Yet the idea that interjurisdictional immunity is alive and well ― but only in those areas where there is precedent for its application is nothing if not the “freezing” of a constitutional concept ― albeit one developed by judges rather than provided by the constitutional text. For close to a century, the doctrine developed in fits and starts ― and then, in 2007, Justice Lebel and, of all people, Justice Binnie concluded that that was it, and that the time had come to freeze it in its then-current state. This decision is rather puzzling. For one thing, it seems to sit uneasily with the Supreme Court’s oft-repeated commitment to “living-treeism” ― reiterated in Canadian Western Bank, where the majority opinion insists that “the interpretation of [legislative] powers and of how they interrelate must evolve and must be tailored to the changing political and cultural realities of Canadian society.” [23] And for another, it is not clear that the normative arguments for treating a statutory or constitutional text as “frozen” until amended by the body that enacted it apply to a judicially-developed doctrine ― or at least that they can support a “freezing” of such a doctrine deeper than that effect by the usual principles of stare decisis.

Whether or not treating it in this way makes sense, the doctrine of interjurisdictional immunity is a “frozen concept” in Canadian constitutional law. It is one more reason to treat judicial protestations to the effect that such things are unknown this side of the border as too much. Slogans do not help us understand constitutional law, or anything else.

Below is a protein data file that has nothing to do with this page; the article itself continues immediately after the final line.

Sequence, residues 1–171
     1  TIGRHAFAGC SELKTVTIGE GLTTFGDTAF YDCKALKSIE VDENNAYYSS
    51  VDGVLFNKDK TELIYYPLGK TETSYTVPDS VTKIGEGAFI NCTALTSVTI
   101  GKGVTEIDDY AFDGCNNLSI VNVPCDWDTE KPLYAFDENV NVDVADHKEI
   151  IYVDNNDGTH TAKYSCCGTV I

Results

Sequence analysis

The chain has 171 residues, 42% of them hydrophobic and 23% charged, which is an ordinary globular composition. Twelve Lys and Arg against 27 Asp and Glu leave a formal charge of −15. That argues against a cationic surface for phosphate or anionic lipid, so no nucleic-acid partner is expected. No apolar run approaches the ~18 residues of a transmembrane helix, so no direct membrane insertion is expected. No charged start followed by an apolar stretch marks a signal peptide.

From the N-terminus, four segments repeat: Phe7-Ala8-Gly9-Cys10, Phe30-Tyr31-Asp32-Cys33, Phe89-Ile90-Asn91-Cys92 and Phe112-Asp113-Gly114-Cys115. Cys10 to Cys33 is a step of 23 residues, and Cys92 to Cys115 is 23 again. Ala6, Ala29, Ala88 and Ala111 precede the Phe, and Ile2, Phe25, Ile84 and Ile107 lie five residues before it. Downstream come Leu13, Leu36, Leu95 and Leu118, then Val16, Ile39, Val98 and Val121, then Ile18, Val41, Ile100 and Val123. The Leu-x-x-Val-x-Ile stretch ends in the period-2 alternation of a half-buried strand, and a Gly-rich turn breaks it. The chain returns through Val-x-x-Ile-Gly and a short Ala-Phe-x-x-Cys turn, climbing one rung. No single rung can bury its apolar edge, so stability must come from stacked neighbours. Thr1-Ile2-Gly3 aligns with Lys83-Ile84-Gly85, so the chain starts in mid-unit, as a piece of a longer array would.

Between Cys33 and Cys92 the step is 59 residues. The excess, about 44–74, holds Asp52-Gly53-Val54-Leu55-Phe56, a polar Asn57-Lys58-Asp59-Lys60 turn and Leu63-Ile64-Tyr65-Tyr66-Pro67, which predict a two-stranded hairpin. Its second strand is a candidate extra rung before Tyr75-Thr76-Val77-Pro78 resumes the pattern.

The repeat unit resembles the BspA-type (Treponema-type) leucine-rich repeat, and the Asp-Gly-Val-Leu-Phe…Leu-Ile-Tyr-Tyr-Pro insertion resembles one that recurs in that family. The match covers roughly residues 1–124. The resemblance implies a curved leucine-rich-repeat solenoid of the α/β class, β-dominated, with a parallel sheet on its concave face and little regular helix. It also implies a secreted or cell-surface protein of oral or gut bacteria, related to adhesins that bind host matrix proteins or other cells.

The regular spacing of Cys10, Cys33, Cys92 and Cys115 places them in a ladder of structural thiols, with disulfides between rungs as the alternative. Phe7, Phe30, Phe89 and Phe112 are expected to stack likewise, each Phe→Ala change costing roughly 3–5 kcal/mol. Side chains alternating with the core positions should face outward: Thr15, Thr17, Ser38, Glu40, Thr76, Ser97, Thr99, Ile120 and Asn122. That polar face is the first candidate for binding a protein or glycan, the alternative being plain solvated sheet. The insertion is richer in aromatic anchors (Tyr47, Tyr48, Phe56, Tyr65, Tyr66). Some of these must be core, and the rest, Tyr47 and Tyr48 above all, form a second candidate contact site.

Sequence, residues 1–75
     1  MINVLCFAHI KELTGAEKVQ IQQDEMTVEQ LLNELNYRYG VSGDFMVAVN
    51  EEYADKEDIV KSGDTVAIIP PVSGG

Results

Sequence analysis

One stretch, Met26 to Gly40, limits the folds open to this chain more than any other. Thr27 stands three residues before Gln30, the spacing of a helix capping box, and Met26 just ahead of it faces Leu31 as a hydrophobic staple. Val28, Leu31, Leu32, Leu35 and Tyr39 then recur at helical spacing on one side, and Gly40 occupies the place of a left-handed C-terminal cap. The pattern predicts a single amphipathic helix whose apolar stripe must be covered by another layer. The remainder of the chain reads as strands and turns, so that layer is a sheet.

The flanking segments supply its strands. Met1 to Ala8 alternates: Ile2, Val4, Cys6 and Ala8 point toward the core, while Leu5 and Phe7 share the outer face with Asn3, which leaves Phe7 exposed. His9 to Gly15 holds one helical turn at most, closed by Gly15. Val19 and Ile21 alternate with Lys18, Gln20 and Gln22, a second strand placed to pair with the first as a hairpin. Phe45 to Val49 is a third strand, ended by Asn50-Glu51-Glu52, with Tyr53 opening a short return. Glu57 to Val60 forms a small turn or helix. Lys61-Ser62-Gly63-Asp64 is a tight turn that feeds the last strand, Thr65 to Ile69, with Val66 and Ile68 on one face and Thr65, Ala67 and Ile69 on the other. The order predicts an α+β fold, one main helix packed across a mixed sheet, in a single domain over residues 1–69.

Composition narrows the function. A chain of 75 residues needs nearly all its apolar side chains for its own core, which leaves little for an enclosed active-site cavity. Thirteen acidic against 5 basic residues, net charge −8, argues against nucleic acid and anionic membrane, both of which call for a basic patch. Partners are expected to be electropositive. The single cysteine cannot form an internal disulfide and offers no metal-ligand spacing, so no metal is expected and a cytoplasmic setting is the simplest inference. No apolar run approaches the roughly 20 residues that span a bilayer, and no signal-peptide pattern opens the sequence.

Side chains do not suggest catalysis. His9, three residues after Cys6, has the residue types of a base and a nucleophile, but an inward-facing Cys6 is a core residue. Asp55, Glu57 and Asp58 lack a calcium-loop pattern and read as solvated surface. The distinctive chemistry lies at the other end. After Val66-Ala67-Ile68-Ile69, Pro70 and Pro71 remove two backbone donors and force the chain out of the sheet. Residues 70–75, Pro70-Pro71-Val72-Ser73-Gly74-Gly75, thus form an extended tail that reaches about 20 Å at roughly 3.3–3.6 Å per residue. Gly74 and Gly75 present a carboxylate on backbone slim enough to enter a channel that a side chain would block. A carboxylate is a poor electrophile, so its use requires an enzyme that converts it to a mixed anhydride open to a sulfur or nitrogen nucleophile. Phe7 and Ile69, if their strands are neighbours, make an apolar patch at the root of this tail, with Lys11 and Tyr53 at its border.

If You Build It

A good decision for federalism and for property rights from the Supreme Court

This morning, the Supreme Court has delivered its decision in Rogers Communications Inc. v. Châteauguay (City), 2016 SCC 23, holding that a municipality cannot prevent a telecommunications company from building an antenna at a site authorized by the federal government, since under the constitution that government has exclusive competence over radiocommunications. I believe this is the right decision from the standpoint of federalism doctrine and policy. It is also, if only coincidentally, a good decision from the standpoint of property rights.

Simplifying somewhat, the case arose out of Rogers’ attempt to build an antenna for its cellular network in Châteauguay, on a site that it had leased from a willing owner. Federal rules required it to obtain permission from the federal government and also to consult the municipality, while allowing the federal government to resolve any conflict with local authorities. Rogers did all this, and initially the municipality gave it the green light. However, after citizens concerned about the supposed effects of radio waves on their health and the environment petitioned the municipal authorities, they changed their mind and tried to get Rogers to agree to build its antenna on a different location. The owner of that site, however, was not willing to lease it out to Rogers, while the municipality tried to expropriate it, Rogers was unwilling to wait until expropriation proceedings would conclude, and decided to go ahead with its original project. The municipality responded by issuing, and subsequently renewing, a “notice of reserve” which signified its intention to expropriate the site, and prevented Rogers from building there.

Rogers argued that this was both unconstitutional and in bad faith and thus invalid under municipal law. In reasons by Justices Wagner and Côté, an eight-judge majority held that the notice was not a valid exercise of a provincial, and therefore a municipal, power. Justice Gascon, who concurred, was of the view that while the notice was a valid exercise of provincial power, it was inapplicable to Rogers by virtue of the doctrine of interjurisdictional immunity.

* * *